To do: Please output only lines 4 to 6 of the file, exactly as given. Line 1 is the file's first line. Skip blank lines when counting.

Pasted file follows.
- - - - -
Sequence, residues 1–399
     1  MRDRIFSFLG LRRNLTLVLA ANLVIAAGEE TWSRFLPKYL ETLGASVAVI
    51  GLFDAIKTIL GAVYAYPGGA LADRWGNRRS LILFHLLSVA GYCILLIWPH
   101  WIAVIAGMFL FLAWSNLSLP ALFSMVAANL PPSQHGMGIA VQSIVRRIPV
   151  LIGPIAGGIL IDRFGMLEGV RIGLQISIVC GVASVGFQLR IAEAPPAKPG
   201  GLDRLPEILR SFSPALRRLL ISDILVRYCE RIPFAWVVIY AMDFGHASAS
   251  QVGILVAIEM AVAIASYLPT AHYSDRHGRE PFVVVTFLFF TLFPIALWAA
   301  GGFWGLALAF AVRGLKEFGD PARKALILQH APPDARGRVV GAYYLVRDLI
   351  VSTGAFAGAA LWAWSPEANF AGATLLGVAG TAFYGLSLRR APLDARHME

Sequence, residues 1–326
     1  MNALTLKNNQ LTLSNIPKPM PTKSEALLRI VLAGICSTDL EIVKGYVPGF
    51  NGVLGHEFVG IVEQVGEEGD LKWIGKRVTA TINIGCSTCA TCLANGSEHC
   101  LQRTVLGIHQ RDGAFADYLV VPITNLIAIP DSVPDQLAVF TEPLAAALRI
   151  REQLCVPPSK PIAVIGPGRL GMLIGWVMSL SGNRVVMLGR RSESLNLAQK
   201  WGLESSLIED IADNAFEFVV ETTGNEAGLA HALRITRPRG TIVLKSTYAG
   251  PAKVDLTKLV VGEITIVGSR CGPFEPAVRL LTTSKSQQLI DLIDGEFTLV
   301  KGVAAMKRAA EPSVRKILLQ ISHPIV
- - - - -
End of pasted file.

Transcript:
   101  WIAVIAGMFL FLAWSNLSLP ALFSMVAANL PPSQHGMGIA VQSIVRRIPV
   151  LIGPIAGGIL IDRFGMLEGV RIGLQISIVC GVASVGFQLR IAEAPPAKPG
   201  GLDRLPEILR SFSPALRRLL ISDILVRYCE RIPFAWVVIY AMDFGHASAS